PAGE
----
Not only were they heavy but if someone wearing them was hit by something, their lenses would break and throw off small fragments of glass that endangered vision. For that reason, in 1972, The U. Food and Drug Administration stated that all sunglasses and prescription lenses must be resistant to breakage; essentially forcing lens manufacturers to opt for a more durable plastic. Charge-coupled devices (CCD) have the ability to digitize light into data; in other words they offer an easier way to convert light energy (from photons) into digital images than other imaging methods. In 1997 NASA created a supersensitive CCD for Hubble to increase both quality and breadth of phenomena it could capture in cosmos. Infrared thermometers for ears; a NASA advance measure amount of energy emitted by eardrum same way temperature stars & planets is measured using infrared astronomy technology. Artificial limbs have dramatically improved through use advanced space programs; shock absorbing materials & robotics; Deep space exploration missions rely on excellent digital image processing technology developed by Jet Propulsion Laboratory (JPL).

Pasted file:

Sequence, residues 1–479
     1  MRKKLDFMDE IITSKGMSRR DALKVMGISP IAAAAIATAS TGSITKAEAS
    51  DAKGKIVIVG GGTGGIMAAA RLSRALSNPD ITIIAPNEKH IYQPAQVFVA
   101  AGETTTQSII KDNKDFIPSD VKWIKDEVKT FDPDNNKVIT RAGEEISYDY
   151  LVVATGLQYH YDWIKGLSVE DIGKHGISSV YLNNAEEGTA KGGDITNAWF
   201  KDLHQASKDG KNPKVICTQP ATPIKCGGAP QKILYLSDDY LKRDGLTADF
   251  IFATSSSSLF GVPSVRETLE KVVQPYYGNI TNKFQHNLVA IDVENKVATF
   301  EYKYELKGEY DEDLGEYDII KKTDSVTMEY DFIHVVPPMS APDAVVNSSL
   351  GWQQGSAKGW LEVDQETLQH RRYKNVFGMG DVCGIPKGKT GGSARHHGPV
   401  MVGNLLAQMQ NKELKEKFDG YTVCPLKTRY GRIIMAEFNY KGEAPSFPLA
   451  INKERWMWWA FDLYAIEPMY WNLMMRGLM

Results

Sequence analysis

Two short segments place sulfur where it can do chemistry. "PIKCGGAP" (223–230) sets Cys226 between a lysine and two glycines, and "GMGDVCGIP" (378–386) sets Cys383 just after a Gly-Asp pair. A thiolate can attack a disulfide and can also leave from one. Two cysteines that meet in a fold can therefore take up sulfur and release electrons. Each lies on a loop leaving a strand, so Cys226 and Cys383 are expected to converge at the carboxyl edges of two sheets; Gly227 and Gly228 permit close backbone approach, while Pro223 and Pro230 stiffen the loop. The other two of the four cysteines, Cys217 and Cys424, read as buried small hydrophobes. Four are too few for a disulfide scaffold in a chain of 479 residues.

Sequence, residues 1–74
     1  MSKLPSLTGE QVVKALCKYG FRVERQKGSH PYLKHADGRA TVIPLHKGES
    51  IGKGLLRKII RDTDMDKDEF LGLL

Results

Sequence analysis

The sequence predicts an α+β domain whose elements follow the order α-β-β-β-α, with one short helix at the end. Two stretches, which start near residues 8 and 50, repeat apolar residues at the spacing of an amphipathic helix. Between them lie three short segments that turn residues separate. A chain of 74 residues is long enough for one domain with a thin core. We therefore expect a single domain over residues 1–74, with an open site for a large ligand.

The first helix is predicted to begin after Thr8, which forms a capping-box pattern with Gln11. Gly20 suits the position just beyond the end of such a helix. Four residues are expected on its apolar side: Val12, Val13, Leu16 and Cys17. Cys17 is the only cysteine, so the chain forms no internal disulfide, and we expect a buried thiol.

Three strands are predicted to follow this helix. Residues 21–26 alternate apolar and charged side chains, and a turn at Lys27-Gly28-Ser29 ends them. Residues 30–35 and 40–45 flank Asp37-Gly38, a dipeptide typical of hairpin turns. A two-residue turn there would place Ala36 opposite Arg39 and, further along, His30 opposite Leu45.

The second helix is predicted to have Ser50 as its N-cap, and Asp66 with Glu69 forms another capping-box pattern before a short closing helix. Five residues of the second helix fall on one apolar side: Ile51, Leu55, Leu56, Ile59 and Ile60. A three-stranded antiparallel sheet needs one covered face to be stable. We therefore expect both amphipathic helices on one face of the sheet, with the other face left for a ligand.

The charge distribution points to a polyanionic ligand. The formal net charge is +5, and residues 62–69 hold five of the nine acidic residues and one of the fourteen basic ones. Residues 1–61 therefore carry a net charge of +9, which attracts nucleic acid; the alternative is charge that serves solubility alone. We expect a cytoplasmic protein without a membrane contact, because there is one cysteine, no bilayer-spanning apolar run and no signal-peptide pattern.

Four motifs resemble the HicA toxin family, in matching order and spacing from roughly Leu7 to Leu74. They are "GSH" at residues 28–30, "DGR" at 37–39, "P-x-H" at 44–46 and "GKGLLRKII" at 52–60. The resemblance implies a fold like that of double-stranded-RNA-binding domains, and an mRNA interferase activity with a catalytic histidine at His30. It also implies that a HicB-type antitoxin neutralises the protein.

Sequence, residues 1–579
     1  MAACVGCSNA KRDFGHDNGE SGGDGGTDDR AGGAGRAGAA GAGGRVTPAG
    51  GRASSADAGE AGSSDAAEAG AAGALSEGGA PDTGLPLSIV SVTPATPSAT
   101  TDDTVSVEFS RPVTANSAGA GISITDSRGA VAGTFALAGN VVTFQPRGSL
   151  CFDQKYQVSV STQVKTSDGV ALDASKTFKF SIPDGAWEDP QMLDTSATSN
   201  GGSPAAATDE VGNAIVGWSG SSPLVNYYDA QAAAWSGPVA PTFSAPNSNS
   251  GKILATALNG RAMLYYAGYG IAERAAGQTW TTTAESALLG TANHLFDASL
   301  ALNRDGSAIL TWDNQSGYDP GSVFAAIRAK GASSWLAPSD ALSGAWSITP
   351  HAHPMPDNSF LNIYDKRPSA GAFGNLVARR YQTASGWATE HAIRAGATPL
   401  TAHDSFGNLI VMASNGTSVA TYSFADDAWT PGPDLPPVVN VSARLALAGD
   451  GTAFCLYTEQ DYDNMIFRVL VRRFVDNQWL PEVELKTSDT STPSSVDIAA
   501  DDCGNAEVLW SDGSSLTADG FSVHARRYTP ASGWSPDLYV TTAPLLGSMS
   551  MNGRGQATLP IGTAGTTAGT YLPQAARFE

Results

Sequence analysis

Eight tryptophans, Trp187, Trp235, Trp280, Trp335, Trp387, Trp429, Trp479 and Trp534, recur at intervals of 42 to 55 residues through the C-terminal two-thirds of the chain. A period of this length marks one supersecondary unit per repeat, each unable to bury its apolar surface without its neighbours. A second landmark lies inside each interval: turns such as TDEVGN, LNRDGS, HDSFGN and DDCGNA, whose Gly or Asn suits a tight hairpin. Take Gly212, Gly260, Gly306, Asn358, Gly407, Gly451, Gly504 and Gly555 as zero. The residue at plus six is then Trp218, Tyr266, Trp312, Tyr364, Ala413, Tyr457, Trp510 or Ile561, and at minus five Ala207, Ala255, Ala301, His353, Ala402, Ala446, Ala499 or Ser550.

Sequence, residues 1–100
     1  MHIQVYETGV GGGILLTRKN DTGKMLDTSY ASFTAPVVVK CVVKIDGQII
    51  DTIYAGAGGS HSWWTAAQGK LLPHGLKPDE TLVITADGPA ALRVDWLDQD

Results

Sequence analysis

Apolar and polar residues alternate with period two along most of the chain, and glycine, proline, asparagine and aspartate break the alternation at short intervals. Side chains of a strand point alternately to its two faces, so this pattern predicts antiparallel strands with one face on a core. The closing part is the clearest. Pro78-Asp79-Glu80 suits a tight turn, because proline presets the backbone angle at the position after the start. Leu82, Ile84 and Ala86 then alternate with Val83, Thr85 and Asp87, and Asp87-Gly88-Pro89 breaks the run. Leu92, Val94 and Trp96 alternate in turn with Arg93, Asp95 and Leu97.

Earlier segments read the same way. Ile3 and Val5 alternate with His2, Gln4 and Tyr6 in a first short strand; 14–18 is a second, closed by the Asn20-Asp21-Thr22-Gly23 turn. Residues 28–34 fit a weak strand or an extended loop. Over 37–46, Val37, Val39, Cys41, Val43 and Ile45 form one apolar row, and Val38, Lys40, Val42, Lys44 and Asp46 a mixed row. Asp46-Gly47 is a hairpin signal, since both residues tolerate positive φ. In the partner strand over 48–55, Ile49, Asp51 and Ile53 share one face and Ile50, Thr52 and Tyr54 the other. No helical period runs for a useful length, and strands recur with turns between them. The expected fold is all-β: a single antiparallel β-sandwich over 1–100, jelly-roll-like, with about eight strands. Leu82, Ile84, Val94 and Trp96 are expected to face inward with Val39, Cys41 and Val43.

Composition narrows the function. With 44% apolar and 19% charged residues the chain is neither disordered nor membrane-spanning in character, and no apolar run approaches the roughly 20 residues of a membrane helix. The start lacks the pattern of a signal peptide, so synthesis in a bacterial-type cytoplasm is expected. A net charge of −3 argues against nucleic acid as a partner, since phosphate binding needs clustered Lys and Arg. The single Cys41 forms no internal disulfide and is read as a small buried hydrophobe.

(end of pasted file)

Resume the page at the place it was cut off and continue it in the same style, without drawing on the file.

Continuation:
JPL adapted this technology help create modern CAT scanners & radiographs. The list of space race technologies continues; consumer products such as wireless headphones; LED lighting; cordless portable vacuum cleaners; freeze-dried foods; memory foam; scratch-resistant eyeglass lenses & many other well-known products have benefited from research & development space technology. Modern portable computers are direct descendants Shuttle Portable Onboard Computer (SPOC); which was....

Kara Counihan
Kara Counihan

Incurable internet expert. Infuriatingly humble bacon ninja. Devoted pop culture advocate. Proud food enthusiast. Certified burrito fanatic. Amateur food practitioner.